Buccal Mucosa Cancer (Inner Cheek Cancer)

Buccal Mucosa Cancer (Inner Cheek Cancer)


Inner cheek cancer (also called buccal mucosa cancer) is a type of head and neck cancer that begins when the cells that make up the inner cheek grow out of control and form lesions or tumors. Buccal mucosa is another name for the inside lining of the cheeks.

These cancers usually occur in the thin, flat cells called squamous cells that line the buccal mucosa and other parts of the mouth. Inner cheek cancer is classified as squamous cell carcinoma. Cancer on the outer cheeks is considered skin cancer. Find in-depth information about skin cancer.

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Using tobacco products and regularly drinking too much alcohol can increase your chances for developing cancer in the inner cheek. Dentists are typically the first to notice signs of inner cheek cancer, often during a routine dental exam.

Common Symptoms of Buccal Mucosa Cancer

Signs of inner cheek cancer may include the following:

  • white, red, or dark patches in the mouth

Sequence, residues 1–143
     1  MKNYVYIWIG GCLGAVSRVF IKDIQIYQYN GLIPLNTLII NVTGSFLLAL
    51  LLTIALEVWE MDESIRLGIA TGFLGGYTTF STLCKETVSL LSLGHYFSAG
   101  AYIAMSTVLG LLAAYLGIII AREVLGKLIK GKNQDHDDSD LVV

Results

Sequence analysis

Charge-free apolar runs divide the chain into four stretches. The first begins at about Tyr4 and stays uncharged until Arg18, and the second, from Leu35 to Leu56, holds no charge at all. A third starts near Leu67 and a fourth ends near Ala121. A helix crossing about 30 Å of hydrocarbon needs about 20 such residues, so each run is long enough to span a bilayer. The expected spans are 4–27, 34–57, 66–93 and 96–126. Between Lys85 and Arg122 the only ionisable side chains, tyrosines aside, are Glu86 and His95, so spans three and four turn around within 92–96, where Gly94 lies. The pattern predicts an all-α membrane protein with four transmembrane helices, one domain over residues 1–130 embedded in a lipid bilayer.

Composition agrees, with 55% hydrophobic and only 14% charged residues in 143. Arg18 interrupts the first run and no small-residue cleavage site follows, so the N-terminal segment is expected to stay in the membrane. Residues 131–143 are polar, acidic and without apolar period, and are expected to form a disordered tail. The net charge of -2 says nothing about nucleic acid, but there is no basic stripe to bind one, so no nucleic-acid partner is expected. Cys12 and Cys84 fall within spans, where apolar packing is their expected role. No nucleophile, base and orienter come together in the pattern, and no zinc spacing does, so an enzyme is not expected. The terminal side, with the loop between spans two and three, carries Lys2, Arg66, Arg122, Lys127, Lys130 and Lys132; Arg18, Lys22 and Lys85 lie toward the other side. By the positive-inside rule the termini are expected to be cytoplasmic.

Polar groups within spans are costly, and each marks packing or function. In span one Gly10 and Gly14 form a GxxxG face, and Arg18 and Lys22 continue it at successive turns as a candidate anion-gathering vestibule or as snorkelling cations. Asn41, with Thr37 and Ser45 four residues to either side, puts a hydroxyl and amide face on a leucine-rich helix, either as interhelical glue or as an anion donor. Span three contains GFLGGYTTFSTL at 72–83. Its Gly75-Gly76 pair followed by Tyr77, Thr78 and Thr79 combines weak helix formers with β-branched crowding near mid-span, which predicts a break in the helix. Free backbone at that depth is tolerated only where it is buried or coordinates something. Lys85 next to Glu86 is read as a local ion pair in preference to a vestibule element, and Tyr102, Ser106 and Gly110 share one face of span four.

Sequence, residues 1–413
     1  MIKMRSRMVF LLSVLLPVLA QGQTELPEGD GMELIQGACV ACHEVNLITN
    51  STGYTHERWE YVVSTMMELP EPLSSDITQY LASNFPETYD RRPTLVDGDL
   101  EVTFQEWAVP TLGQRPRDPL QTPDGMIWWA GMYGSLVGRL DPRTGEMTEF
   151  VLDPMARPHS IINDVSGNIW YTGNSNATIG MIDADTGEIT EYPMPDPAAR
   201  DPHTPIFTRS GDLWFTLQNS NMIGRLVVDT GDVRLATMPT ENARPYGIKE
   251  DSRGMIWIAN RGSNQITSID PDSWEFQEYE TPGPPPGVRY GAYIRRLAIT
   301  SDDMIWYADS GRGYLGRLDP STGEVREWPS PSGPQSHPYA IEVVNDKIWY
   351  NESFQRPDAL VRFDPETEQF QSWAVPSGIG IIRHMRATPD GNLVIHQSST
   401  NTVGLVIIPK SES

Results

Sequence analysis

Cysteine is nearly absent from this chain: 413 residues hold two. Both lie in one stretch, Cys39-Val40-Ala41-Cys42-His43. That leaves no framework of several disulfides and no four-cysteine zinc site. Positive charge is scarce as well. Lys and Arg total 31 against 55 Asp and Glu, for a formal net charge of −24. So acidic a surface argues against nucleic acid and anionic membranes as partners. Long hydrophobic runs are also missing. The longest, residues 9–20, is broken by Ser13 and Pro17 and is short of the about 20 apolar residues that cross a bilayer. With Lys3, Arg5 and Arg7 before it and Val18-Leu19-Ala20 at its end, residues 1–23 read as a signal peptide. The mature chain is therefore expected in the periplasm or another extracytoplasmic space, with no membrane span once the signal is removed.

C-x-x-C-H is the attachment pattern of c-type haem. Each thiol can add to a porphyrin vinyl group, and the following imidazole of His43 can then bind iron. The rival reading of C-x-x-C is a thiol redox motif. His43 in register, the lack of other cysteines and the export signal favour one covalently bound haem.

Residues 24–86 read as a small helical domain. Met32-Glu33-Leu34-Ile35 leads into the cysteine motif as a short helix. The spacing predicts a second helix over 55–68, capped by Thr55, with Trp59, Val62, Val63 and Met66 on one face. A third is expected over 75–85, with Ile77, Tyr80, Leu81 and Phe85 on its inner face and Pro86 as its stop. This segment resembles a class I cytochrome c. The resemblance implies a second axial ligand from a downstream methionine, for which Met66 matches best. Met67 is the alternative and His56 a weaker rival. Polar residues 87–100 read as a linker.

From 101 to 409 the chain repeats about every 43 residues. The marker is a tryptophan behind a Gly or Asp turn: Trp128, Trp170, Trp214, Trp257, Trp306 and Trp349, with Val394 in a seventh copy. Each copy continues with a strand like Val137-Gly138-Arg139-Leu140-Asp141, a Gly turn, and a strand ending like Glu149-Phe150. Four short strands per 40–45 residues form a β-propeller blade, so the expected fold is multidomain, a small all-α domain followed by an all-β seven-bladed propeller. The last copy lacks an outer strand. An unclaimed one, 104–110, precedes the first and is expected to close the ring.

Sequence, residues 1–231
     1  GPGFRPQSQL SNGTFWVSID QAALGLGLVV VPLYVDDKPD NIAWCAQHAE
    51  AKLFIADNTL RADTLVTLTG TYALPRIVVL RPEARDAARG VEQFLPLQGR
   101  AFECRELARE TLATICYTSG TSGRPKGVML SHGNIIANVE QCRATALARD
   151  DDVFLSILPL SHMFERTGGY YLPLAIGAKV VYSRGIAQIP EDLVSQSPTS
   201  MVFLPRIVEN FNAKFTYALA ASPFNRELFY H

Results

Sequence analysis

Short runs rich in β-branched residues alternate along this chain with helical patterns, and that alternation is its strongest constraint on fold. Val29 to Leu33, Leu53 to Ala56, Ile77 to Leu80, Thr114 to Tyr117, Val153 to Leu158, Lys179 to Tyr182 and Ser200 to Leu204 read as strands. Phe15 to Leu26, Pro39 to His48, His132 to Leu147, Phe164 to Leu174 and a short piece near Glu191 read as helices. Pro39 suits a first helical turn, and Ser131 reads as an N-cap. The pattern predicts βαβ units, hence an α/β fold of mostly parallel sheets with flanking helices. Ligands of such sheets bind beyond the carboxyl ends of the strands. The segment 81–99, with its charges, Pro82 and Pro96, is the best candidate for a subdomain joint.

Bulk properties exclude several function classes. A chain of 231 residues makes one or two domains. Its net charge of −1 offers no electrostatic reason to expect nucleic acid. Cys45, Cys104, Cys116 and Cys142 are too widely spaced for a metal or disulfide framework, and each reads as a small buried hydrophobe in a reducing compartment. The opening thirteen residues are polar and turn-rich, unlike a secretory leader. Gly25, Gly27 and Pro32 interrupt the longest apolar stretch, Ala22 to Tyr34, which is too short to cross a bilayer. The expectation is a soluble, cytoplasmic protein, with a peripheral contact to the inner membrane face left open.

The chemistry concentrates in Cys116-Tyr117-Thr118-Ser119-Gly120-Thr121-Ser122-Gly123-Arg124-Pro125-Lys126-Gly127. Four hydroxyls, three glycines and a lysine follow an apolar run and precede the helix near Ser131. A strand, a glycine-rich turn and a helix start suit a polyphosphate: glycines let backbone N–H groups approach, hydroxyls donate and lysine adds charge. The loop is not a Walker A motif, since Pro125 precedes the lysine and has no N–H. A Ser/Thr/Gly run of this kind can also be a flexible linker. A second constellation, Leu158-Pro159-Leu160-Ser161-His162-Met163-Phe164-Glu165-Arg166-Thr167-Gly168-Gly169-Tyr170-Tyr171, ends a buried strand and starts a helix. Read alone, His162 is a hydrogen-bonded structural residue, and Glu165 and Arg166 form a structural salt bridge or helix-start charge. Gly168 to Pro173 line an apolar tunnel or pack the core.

• lump inside cheek tissue
  • mouth pain or numbness
  • soreness or a feeling that something is caught in your throat
  • difficulty moving your jaw
  • severe ear pain
  • hoarseness
  • loose teeth or pain around your teeth
  • dentures that no longer fit
  • jaw pain or swelling

Buccal Mucosa Cancer Treatment

Inner cheek cancer is highly curable when diagnosed early. Treatment often involves surgery performed by a head and neck cancer surgeon.

The goals of the treatment of inner cheek cancer are to:

  • cure the cancer
  • preserve your appearance and the functions of your mouth
  • prevent the cancer from coming back

The extent and depth of the cancer guides your plan of care. If the cancer is more advanced, radiation, chemotherapy, or both may be used to shrink the tumor before or after surgery to reduce the risk of the cancer coming back. For some people, radiation may be the only treatment needed.

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